34 E x p l o i t i n g A d va n c e d M a n u fa c t u r i n g C a pa b i l i t i e s lightning holes for cooling, and multiscale designs, such as interfitting octets. In addition, she has added multifunctionalities to a structure with a meta-­material that was optimized with different microstructural variations for temperature and mechanical load. Finally, her team has implemented topology optimization into multidisciplinary design optimization in order to create larger, systems-level optimizations. Kimberly Saviers, the second speaker, works on internal aerospace functions, in particular, flow ducts and heat exchangers for temperature reduction, which she believes would benefit from combining thermal and fluid aspects by adding the study of convection in addition to conduction. To that end, she shared designs for flow types from topology optimizations, although without thermal aspects, point- ing out that the structures vary greatly for air versus water flow. In automotive ducts, topology optimizations have made some improvements in minimizing the flow separation to reduce pressure drop, which is important for space constraints. Pressure drop can also increase fuel burn, and lowering fuel burn will lower costs, Saviers pointed out. She also shared potential designs for flow ducts, one in which fluid is discouraged from traveling in a certain direction and another one in which fluid goes through a branching pattern for cooling purposes. Saviers has used topology optimization to improve conventionally manufac- tured heat exchangers. Noting that the design of heat exchangers has essentially remained the same for decades, she said that additive manufacturing capabilities will enable new designs. For example, one new design was calculated to have two times greater heat transfer and two times less pressure drop than conventional models, and the 3D-printed prototype also showed improved results. In addition, topology optimization tools have achieved reduced wall temperatures. To build on these promising prototypes, Saviers said the next step is to scale up the topology optimization techniques to manufacture real world, industry-ready products. The third speaker, Rebecca Dylla-Spears, began by noting that rather than aiming to find new ways to produce optics that could be fabricated conventionally, LLNL researchers are focused on opening up the optical design space generally, pur- suing interesting technologies that can expand possibilities and take advantage of multiple advanced manufacturing capabilities, including additive manufacturing. Typically, optical components are made from material with uniform compo- sition and therefore uniform material properties. Dylla-Spears detailed research ­focused on creating new optical materials with tunable material properties im- parted through local control of bulk composition, structure, or surface. Optics with bulk compositional gradients are made with direct ink writing, at room tem- perature and with a controlled flow rate; they have been demonstrated in yttrium aluminum garnet with a neodymium dopant gradient, as well as in silica glass with PREPUBLICATION COPY—Uncorrected Proofs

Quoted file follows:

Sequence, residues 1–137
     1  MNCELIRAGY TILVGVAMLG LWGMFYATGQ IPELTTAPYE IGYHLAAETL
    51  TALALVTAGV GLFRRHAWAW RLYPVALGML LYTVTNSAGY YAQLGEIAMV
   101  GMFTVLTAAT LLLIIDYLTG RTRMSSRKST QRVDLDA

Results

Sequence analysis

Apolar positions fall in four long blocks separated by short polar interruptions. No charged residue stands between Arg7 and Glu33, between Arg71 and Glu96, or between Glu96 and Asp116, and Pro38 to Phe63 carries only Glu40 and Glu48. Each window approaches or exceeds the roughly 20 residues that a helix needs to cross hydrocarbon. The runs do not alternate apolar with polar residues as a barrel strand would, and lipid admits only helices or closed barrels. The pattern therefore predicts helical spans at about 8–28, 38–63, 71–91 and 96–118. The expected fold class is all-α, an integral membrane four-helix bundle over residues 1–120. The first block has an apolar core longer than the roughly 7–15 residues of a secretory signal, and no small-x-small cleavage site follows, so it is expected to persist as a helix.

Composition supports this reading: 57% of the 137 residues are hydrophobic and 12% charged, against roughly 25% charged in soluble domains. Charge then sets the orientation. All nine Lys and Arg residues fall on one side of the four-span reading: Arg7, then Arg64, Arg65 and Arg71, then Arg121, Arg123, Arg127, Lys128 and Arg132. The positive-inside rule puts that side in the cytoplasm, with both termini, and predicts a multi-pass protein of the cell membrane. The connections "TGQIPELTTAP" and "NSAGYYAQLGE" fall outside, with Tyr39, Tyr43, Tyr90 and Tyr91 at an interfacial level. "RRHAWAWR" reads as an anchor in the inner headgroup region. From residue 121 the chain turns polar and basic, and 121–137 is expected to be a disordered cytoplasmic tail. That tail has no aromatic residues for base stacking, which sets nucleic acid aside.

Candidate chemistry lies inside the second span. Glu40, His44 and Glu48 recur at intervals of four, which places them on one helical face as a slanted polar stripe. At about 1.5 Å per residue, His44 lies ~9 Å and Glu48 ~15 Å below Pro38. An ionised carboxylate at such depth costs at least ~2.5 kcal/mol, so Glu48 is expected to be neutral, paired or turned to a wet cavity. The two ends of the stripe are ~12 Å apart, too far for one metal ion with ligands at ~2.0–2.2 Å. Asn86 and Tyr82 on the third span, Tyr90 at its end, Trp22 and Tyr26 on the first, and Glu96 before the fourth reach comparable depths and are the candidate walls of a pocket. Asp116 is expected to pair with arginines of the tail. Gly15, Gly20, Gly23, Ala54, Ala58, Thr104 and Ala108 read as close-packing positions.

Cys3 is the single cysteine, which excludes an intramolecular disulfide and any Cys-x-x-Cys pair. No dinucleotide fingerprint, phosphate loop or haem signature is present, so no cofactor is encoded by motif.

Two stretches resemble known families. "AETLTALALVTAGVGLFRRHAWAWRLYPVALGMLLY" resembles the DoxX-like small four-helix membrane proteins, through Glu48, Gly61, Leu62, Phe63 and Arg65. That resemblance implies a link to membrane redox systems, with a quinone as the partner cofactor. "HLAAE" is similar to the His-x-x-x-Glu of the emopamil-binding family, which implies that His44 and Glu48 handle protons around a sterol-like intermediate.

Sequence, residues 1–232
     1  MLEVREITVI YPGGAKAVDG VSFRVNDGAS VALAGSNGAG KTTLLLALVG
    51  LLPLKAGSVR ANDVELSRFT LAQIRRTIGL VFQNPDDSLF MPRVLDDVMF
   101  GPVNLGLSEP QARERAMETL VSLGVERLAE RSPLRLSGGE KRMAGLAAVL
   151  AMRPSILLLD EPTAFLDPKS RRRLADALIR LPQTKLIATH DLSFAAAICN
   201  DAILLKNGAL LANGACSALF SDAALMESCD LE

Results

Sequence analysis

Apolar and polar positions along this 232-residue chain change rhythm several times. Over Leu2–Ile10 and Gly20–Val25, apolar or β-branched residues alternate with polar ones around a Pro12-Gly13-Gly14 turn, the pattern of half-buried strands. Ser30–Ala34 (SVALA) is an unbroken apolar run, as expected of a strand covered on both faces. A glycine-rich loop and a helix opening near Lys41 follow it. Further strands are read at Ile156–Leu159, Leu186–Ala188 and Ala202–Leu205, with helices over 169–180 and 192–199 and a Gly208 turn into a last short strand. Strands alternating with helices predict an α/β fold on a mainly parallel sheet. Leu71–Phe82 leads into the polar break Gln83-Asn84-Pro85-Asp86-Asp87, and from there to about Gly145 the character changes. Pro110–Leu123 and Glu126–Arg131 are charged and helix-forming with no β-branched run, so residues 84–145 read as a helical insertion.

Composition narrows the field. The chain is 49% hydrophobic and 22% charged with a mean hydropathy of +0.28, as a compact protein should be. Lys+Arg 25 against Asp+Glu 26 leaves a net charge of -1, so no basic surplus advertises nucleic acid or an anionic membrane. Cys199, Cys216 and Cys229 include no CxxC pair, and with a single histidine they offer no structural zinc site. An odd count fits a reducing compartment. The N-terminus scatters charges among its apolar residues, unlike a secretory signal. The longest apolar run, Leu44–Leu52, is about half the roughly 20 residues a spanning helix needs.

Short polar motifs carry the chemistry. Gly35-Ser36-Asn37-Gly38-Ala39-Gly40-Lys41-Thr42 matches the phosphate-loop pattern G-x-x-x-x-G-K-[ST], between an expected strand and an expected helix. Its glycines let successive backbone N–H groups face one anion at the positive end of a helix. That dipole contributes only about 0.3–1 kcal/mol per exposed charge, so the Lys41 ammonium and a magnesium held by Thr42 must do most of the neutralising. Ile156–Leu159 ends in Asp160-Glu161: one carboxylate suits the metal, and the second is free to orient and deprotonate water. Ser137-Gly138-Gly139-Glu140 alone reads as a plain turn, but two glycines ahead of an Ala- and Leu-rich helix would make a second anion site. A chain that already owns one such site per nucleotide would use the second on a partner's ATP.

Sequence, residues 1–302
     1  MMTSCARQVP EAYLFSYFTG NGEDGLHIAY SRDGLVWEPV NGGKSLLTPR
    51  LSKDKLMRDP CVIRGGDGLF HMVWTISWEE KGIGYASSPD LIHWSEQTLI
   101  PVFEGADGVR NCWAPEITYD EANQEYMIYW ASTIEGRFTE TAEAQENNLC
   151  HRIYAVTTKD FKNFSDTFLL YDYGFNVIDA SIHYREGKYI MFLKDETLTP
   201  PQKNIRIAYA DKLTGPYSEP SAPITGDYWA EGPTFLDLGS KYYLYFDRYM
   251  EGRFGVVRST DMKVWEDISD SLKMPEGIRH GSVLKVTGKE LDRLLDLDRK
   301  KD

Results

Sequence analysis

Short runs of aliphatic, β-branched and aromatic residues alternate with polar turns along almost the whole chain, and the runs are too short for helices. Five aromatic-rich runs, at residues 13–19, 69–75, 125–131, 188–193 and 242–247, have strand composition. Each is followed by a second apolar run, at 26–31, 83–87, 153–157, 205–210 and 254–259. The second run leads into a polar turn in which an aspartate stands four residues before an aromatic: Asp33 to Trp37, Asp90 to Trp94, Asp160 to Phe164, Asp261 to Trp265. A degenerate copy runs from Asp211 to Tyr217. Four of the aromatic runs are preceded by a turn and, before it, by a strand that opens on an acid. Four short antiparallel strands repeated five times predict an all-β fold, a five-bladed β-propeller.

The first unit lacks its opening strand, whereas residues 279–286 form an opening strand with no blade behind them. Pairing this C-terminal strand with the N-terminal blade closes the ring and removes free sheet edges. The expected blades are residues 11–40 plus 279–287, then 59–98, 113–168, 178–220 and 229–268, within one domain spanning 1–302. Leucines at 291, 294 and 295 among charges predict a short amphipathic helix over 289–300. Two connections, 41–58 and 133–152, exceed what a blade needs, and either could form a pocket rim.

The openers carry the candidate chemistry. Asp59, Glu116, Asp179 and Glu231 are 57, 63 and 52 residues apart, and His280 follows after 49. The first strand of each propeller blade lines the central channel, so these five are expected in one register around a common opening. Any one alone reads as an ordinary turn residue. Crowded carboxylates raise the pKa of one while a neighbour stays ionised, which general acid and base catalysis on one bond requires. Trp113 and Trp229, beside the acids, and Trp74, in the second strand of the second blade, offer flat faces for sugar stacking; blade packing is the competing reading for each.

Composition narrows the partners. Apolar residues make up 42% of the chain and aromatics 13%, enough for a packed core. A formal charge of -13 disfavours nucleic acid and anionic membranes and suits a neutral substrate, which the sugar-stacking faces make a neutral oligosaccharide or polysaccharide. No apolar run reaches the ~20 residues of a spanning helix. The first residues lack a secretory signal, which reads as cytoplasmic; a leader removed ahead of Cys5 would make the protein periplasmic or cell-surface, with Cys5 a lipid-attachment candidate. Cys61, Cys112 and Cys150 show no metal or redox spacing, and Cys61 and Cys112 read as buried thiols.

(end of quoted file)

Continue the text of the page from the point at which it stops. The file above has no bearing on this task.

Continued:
T o p o lo g y O p t i m i z at i o n and M u lt i - P h y s i c s 35 gradient in refractive index.16,17 Structural gradients can provide enhanced stiffness per weight and are well suited for mirrors. Local control of surface features over large areas leads to anti-reflective metasurfaces.18 In addition, these techniques can be used to produce optics with uniform material properties, she noted. Dylla-Spears expressed her view that using topology optimization for additively manufactured optics has great potential, particularly for optimized lightweighting, athermalization, and thermal management.19,20,21 Additive manufacturing also makes it possible to change materials within a structure, opening up other exciting possibilities. In addition, the optics themselves, not just their mounts and supports, can also be optimized for size, weight, surface, and power reduction. Finally, she suggested that applying topology optimization to the entire system, not just a few components, and incorporating metamaterials and multi-materials, could create game-changing designs.22 DISCUSSION Haydn Wadley, University of Virginia, moderated wrap-up discussions at the end of each day of the workshop. In this first day’s wrap-up, participants asked the speakers to elaborate further on opportunities topology optimization offers 16    K. Jones, Z.M. Seeley, N.J. Cherepy, E.B. Duoss, and S.A. Payne, 2018, Direct ink write fab- rication of transparent ceramic gain media, Optical Materials 75: 19-25, https://doi.org/10.1016/ j.optmat.2017.10.005. 17    N.A. Dudukovic, L.L. Wong, D.T. Nguyen, J.F. Destino, T.D. Yee, F.J. Ryerson, T. Suratwala, E.B. Duoss, and R. Dylla-Spears, 2018, Tuning nanoparticle suspension viscoelasticity for multimaterial 3D printing of silica-titania glass, ACS Applied Nano Materials 1(8), LLNL-JRNL-749401, https:// www.osti.gov/servlets/purl/1476223. 18    J.Y. Hoang, T. Nguyen, N.J. Ray, M.A. Johnson, W.A. Steele, J.M. Chesser, S.H. Baxamusa, S. Elhadj, J.T. McKeown, M.J. Matthews, and E. Feigenbaum, 2019, Scalable light-printing of substrate- engraved free-form metasurfaces, ACS Applied Materials & Interfaces 11(25): 22684-22691, https:// doi.org/10.1021/acsami.9b07135. 19    G. Liu, L. Guo, X. Wang, and Q. Wu, 2018, Topology and parametric optimization based lightweight design of a space reflective mirror, Optical Engineering 57(7): 075101, https://doi. org/10.1117/1.OE.57.7.075101. 20    K.R. Bryant and D. Hayduke, 2018, “Additive Manufacturing Volume Optimization for Athermal Optics,” Proceedings Volume 10627, Advanced Optics for Defense Applications: UV through LWIR III, SPIE Defense + Security Event, https://doi.org/10.1117/12.2306080. 21    L. Wang, J. Liang, Z. Zhang, and Y. Yang, 2019, Nonprobabilistic reliability oriented topological optimization for multi-material heat-transfer structures with interval uncertainties, Structural and Multidisciplinary Optimization 59: 1599-1620, https://doi.org/10.1007/s00158-018-2146-5. 22    S. Koppen, M. van der Kolk, F.C.M. van Kempen, J. de Vreugd, and M. Langelaar, 2018, Topology optimization of multicomponent optomechanical systems for improved optical performance, Struc­ tural and Multidisciplinary Optimization 58: 885-901, https://doi.org/10.1007/s00158-018-1932-4. PREPUBLICATION COPY—Uncorrected Proofs